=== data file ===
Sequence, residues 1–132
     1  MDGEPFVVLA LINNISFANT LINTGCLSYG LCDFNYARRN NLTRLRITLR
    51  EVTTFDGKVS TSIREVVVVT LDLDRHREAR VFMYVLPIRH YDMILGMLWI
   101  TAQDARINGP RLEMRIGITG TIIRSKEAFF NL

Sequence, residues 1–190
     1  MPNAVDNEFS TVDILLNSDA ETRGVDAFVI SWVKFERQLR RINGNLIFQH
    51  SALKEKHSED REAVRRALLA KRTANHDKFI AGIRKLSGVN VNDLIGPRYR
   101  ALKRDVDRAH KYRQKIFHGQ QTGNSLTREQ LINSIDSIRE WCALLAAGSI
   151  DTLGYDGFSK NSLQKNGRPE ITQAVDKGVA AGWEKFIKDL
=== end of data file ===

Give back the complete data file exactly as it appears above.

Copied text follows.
Sequence, residues 1–132
     1  MDGEPFVVLA LINNISFANT LINTGCLSYG LCDFNYARRN NLTRLRITLR
    51  EVTTFDGKVS TSIREVVVVT LDLDRHREAR VFMYVLPIRH YDMILGMLWI
   101  TAQDARINGP RLEMRIGITG TIIRSKEAFF NL

Sequence, residues 1–190
     1  MPNAVDNEFS TVDILLNSDA ETRGVDAFVI SWVKFERQLR RINGNLIFQH
    51  SALKEKHSED REAVRRALLA KRTANHDKFI AGIRKLSGVN VNDLIGPRYR
   101  ALKRDVDRAH KYRQKIFHGQ QTGNSLTREQ LINSIDSIRE WCALLAAGSI
   151  DTLGYDGFSK NSLQKNGRPE ITQAVDKGVA AGWEKFIKDL